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Six reasons why journalists hate PRs

March 7, 2019

Our new recruit national news journalist Jaymi McCann tells us what we’re doing wrong.

The relationship between the journalist and the PR is a complex one, formed of both need and resentment in equal parts. There are some brilliant PRs out there. Competent, knowledgeable and quick to respond, they are the ones getting their clients in the papers every day. But there are others. And if there is something journalists love to do it is gossip, about nightmare experiences with those on “the dark side”. So, to help you avoid becoming the topic of conversation down The Cheshire Cheese or any other hack haunt, here is a list of things PRs do that journalists hate, so you can avoid doing them at all costs.

 

1. Not knowing the journalist’s patch.

As a news reporter on the Sunday Express I covered a pretty wide range of subjects, however, one subject that I have never written about is the city. Stocks and shares are just not for me. But that didn’t me receiving hundreds of emails about business news every day. They clogged up my inbox, hid the actually useful emails and were just plain annoying. Do a bit of research. Find out what the journalist writes about most frequently. Do a cuts search on them. The PRs I have responded to most positively, and have had the best working relationships with, have clearly already done their homework.

 

2. Not knowing the journalist’s readership

This is unforgivable particularly in papers. Each publication has a pretty strong identity and you should know it. But actually read the papers. The number of times I have been pitched a story that we have already covered would shock you. When I meet PRs for a meeting it is really obvious if they haven’t read my publication recently and, to be frank, it is insulting.

Also keep abreast of news. Know who owns each paper, who the editors are, what the latest movements are.

I’ve even heard of PRs not knowing that a newspaper had shut down months after the fact. That just makes you look bad.

 

3. Not understanding that we can’t just print an advert.

This one is pretty simple really. If I have a story I have to go to my news editor, who then goes to the overall editor, and there needs to be a pretty clear news angle. I can’t just publish something that publicises your product for no real reason. I can’t use vanilla quotes that are all about the product you’re trying to sell and have nothing of any value in them. This is a two way street, give the journalist something actually interesting to print and the chances are they will print it for you.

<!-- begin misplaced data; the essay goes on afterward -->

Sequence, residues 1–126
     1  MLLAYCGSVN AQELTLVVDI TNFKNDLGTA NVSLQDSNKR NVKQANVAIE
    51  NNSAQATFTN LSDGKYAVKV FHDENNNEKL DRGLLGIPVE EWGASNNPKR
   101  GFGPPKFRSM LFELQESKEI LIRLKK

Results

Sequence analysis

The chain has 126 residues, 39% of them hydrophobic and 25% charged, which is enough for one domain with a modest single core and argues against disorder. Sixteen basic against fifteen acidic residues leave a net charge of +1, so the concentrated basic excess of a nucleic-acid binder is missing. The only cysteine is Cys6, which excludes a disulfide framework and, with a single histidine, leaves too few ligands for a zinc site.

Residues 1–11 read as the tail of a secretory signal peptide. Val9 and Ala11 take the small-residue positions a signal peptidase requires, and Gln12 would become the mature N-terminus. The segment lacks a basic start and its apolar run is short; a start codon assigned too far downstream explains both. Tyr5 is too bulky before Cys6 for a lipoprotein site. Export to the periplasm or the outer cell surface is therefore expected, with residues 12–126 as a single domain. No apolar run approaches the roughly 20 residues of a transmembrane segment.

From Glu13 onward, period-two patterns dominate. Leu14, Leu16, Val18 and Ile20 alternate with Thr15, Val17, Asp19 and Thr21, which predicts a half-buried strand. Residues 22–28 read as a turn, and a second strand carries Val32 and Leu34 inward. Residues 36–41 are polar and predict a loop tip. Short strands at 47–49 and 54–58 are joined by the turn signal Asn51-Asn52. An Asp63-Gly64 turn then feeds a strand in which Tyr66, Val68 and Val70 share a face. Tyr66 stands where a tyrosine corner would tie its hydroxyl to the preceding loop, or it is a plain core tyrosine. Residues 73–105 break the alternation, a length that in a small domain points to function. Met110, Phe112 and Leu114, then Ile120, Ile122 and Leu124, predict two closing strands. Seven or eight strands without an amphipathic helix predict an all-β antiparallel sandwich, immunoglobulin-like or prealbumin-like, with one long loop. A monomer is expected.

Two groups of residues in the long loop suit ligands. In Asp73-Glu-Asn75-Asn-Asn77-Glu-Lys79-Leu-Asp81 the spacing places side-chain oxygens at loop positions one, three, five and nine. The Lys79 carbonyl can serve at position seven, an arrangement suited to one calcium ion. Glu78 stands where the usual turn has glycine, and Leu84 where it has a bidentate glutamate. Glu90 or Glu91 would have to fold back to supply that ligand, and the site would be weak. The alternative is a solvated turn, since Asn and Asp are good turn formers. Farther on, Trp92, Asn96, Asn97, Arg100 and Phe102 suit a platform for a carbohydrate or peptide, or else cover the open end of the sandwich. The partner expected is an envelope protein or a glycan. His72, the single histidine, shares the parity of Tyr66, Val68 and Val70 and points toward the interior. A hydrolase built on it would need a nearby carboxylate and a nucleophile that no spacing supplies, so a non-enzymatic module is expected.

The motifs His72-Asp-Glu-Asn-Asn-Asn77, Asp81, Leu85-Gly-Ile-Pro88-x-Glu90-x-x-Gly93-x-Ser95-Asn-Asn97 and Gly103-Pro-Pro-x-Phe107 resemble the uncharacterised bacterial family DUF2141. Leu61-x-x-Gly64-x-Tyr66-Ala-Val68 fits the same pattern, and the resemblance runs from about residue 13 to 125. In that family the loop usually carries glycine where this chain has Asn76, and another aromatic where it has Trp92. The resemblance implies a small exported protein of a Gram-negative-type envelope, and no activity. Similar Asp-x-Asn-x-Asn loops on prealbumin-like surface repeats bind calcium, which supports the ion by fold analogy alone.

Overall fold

4. Overselling.

Ooh, this one grinds my gears. Don’t pretend the story is more than it is. If you are going to make grand claims, have something to back them up. Otherwise when I pitch the story to my news editor and come back with something lacklustre (or not related to the original pitch at all) then it is me who looks a fool. And it is me who gets it in the neck when there is a gaping hole in the paper.

On a similar note, don’t offer a story or an interview to a publication if you don’t know the client will be happy with it. Backing out when the client learns it is a paper they aren’t keen on is bad form.

 

5. Phoning to let a journalist know you have just emailed them.

If you have emailed them, assume they will see it. Chase it up with a second email a few days later if you want to highlight it to them again but don’t call about something you have just emailed about.

To be honest for some journalists phoning at all is a cardinal sin. When researching a journalist try and find out how they like to be contacted and when is best. Some don’t mind a phone call, others hate the time it takes out of their day. We have all heard the stories of poor junior PR’s being yelled at down the line from some furious hack. This really can be avoided (although I make no excuses for a journalist’s rudeness).

 

6. Not communicating.

Don’t go silent when a story isn’t working out as you had hoped. Or when a case study isn’t contacting you. Or when the client is being difficult. Tell us it is taking a little more time and please can we bare with you.

Yes we are on a tight deadline pretty much constantly and yes we might get pissed off, but clarity is so important. Plus we might be able to help get the ball rolling. The silent treatment is an awful lot worse than facing up to the music. Communication is key. And what are we all here for if it isn’t to communicate?

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